Bayern Munich manager Pep Guardiola has a genuine problem to deal with in Bavaria for the first time this season, after failing to win either of their Bundesliga matches since returning from the winter break and a now heavily-scrutinised break in Qatar.
Guardiola's side still retain a handsome eight-point lead at the top of the Bundesliga, despite a 4-1 defeat at Wolfsburg and a 1-1 draw at home to Schalke, so there's no need to exaggerate the extent of their problems just yet.
Their march to a third successive domestic crown will likely not be affected by a bout of mid-season complacency mixed with winter blues, but rather more pressingly there could be knock-on effects when the business end of the Champions League comes calling in May.
What's up with Bayern?
Bayern's thrashing at the hands of second-placed with Wolfsburg would be written off as a strange anomaly by some coaches, particularly as it came off the back of a six-week break from competitive action.
Throw in the absence of key players such as Philipp Lahm, Franck Ribery and summer signing Mehdi Benatia and there's plenty of mitigating circumstances to do just that.
Don't expect Guardiola to be so hasty though, because its pretty much the first time Bayern have been deservedly beaten all season long.
Defeat to Borussia Dortmund in the German Super Cup came just a fortnight after the World Cup, the Champions League collapse at Manchester City with safe passage to the already secure.
The collapse at Wolfsburg had the feel of something different though, one that Guardiola must address head-on to ensure his star-studded squad are in prime shape when they're back to facing the best from across the continent when it truly matters most.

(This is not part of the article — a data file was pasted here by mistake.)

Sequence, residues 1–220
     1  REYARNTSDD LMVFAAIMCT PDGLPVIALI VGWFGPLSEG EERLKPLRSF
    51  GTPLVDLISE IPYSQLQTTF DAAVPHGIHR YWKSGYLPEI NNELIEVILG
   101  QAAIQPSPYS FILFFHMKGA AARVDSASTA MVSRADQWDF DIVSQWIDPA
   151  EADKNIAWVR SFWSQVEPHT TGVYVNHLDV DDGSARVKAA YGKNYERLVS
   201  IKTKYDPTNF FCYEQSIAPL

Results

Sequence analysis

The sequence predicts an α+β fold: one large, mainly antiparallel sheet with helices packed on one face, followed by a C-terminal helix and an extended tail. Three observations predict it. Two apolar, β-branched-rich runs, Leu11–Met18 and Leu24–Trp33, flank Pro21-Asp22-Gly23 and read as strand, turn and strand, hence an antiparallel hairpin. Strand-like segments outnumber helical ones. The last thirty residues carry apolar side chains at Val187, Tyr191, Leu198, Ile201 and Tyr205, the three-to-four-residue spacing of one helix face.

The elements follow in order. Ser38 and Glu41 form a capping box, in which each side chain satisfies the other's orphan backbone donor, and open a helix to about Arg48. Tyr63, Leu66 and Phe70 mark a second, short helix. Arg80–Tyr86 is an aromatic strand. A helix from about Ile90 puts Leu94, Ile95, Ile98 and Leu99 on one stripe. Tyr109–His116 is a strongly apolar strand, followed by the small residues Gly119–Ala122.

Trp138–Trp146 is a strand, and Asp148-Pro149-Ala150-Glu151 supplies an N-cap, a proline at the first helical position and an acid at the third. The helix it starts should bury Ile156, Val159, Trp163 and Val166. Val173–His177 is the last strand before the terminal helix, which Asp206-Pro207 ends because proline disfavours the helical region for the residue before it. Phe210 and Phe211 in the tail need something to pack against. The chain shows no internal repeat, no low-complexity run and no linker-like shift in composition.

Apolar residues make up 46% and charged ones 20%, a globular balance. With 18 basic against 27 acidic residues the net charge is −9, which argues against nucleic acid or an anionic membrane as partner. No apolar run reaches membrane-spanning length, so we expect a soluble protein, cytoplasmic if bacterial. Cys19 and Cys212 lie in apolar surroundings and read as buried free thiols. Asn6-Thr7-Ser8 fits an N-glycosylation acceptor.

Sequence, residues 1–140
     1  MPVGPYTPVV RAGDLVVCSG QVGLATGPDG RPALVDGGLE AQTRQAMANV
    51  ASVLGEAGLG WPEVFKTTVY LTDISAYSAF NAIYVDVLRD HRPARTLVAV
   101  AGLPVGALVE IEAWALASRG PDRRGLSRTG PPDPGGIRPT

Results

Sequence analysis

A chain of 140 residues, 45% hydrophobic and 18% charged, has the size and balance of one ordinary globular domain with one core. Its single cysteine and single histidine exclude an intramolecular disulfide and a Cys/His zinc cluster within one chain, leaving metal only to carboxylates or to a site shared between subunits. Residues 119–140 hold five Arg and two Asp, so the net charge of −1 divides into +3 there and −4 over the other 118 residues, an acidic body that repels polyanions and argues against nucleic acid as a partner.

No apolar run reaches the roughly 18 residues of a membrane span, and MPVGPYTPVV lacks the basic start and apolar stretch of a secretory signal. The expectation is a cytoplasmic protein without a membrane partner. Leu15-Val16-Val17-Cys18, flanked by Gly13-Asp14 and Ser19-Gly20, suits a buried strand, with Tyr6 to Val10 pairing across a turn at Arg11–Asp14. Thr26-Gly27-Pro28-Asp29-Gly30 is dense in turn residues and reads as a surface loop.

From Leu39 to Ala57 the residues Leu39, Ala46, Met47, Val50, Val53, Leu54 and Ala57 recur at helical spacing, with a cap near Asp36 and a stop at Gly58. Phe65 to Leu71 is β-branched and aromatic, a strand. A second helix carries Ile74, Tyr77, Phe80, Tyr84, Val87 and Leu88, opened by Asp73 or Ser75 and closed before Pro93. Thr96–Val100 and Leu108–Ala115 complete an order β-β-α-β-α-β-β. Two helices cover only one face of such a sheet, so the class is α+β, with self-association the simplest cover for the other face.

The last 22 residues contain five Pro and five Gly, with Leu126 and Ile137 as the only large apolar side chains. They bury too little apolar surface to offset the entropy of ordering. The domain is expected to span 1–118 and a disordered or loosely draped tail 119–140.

Complacency has to be viewed as an issue
Guardiola's biggest problem is that his side can play in second gear for the next two months and still stroll to the Bundesliga title and the quarter-finals of the Champions League.
Troubled Shakhtar Donetsk are highly unlikely to provide stubborn resistance in the competition's last 16 over two legs, while Wolfsburg, Borussia Monchengladbach, Schalke and co. lack the consistency required to match their hated rivals for 10 games let alone 34.
Motivation therefore has to be questioned, how does Guardiola keep the vast majority of his team on task when they're all too aware that most weekends a performance well below 100% will still deliver short-term success?
Manchester United legend Sir Alex Ferguson and his treble-winning heroes of 1999 will be the first to tell them that they benefitted hugely from being pushed by a very strong Arsenal side, who forced them to fight for the title until the last minute of the final match of the season.
Bayern don't have that monkey on their back, with closest challengers in the recent past Borussia Dortmund in free-fall. That situation is of course a domestic blessing, but also a curse with wider continental implications.
Expect tinkering to remain a constant theme
You can expect Guardiola's primary weapon against a general malaise in standards at the Allianz Arena to be constant tinkering, in search of that elusive perfect performance to match results.
The wonderfully-insightful Pep Confidential book by Marti Perarnau provides an account into just how big a perfectionist the former Barcelona tactician is.
Trusted backroom staff refer to the 'Law of 32 minutes' when it comes to Guardiola, the maximum length of time he can be kept from discussing tactics, team selection or another pressing issue bubbling away under the surface.
A turgid, rather sluggish effort at Wolfsburg followed up by a spirited but hugely flawed effort at home to Schalke last night must have driven Guardiola mad, particularly at a club when even wins are sometimes dismissed as below the required standard.
For better or worse Guardiola will be judged on the strength of results in just a handful of matches over the entire course of his reign in Bavaria, which is very tough for such a perfectionist and idealist to take.
The charismatic Spaniard knew what he was signing up for though, so let's hope he has a plan to stave off complacency before inevitable showdowns with Barcelona, Real Madrid and co. roll round in potentially the defining campaign of his entire managerial career.
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